The size and relative geometric proportions of the rotary lifter separator required for any given signature gathering operation would be obvious to one skilled in the art when the general description given above is read in connection with the following description of one operating cycle of the rotary lifter separator.

Accordingly, referring'to FIGS. 6 and 7, the rotary lifter separator 1 is shown at two relative positions during the extraction of a single signature from the bottom of the signature stack. In FIG. 6, the suction detacher means 5 is shown after it has completed deflecting the forward corner 6 of the lowermost signature 7 downwardly from the stack 3. The wedgeshaped leading edge 23 of the disklike rotary separator 13 is beginning counterclockwise rotation into the signature stack between the detached lowermost signature 7 and the stack. As the leading edge 23 enters the stack, the upper surface 28 of the annular rim 22 ahead of the trailing edge 24 supports the forward edges 4 of the signatures in the stack. The roller 42 of the stack support means 14 is riding along the circular outer surface 36 of the cam 16, and the Finger 15 is fully extended into the stack providing further support for the portion of signatures in the stack above.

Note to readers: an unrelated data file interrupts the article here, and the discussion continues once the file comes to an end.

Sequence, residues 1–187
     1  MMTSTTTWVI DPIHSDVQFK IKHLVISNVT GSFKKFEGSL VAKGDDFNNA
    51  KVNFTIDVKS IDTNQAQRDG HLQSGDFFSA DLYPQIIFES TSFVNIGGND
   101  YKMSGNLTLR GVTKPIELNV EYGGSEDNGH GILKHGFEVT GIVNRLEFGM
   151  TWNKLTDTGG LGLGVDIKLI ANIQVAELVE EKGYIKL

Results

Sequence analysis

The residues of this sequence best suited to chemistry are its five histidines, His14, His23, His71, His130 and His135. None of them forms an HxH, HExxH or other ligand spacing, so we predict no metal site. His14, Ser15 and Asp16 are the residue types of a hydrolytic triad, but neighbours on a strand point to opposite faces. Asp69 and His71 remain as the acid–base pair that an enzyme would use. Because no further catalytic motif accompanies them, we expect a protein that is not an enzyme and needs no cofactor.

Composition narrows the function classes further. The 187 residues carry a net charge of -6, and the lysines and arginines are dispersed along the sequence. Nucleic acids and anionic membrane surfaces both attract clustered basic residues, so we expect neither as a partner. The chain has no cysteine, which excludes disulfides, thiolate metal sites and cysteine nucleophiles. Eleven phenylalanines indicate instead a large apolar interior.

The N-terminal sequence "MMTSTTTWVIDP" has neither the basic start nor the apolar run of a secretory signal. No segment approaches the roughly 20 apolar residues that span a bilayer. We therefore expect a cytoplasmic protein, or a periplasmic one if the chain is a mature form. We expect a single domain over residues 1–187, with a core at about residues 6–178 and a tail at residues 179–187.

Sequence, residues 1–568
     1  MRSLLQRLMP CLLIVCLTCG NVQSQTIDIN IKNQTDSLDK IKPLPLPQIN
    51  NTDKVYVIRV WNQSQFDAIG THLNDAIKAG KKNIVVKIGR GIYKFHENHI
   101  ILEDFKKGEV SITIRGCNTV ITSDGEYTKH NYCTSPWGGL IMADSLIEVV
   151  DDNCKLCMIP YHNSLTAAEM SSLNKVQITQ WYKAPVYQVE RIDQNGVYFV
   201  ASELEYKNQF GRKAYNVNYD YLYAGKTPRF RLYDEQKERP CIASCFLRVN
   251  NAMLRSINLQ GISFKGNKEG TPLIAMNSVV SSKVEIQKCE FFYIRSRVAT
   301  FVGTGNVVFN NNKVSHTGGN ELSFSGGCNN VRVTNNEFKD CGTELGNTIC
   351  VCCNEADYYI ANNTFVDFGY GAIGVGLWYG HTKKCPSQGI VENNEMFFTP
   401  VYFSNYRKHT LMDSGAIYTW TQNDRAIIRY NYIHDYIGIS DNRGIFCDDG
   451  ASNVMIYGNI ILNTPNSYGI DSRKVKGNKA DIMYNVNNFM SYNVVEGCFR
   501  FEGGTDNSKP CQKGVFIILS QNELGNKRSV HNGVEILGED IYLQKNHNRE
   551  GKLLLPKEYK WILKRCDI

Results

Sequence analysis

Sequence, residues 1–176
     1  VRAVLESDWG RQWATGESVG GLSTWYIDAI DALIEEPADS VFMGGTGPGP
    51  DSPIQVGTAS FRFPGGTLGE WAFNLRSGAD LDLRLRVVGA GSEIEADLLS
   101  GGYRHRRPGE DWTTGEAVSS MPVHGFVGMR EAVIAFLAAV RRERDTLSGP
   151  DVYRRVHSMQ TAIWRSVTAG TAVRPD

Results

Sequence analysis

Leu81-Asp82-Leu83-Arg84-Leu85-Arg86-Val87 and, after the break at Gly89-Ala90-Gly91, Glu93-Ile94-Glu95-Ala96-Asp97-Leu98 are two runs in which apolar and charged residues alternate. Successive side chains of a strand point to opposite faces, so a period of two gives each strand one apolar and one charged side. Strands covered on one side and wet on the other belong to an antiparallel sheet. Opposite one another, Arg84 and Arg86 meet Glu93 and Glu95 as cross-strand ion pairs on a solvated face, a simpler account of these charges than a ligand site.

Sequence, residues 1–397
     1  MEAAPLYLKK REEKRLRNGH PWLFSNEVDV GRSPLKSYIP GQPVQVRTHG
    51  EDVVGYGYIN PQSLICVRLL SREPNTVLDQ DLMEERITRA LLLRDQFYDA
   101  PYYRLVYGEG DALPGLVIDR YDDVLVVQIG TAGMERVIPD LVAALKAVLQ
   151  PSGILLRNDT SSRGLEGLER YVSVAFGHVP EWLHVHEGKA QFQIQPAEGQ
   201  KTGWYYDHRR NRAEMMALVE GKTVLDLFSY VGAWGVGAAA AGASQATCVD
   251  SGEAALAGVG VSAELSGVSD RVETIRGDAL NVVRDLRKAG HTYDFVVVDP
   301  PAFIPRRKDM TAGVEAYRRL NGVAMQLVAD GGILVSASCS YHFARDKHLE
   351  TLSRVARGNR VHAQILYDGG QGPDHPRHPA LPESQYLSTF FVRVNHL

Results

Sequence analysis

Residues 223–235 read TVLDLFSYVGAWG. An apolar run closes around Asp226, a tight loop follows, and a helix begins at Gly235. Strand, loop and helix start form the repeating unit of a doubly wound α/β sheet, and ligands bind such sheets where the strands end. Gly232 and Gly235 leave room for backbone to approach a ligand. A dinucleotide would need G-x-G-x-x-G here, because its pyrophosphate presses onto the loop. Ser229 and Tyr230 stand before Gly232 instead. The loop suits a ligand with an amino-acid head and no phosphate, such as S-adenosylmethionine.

As the leading edge 23 rotates further into the stack, it engages and lifts the signatures in the stack into the supporting relationship with the upper surface 28 of the annular rim 22 behind the leading edge 23 and, with a smooth camming action, depresses the lowermost signature 7 into contact with the blunted point 34 of the wedge-shaped rib 31. When the upper surface 28 fully supports the forward edges 4 ofthe signatures, the trailing edge 24 leaves the stack and the upper surface 28 of the annular rim 22 ahead of the trailing edge 24 ceases to support the signatures.

The disklike rotary separator 13 continues to rotate counterclockwise into the stack. The forward edges 4 of the lowermost signatures in the stack slide up the beveled upper surface 28 of the annular rim 22 and is further lifted and supported thereby substantially reducing the friction as the lowermost signature is extracted from the stack. In addition, the wedgeshaped rib 31 further separates and depresses the lowermost signature 7 to the position from which one set of grippers 9 on the rotary drum mechanism 8 grips the forward edge ofthe lowermost signature 7 and pulls the signature in an extracting direction from the stack.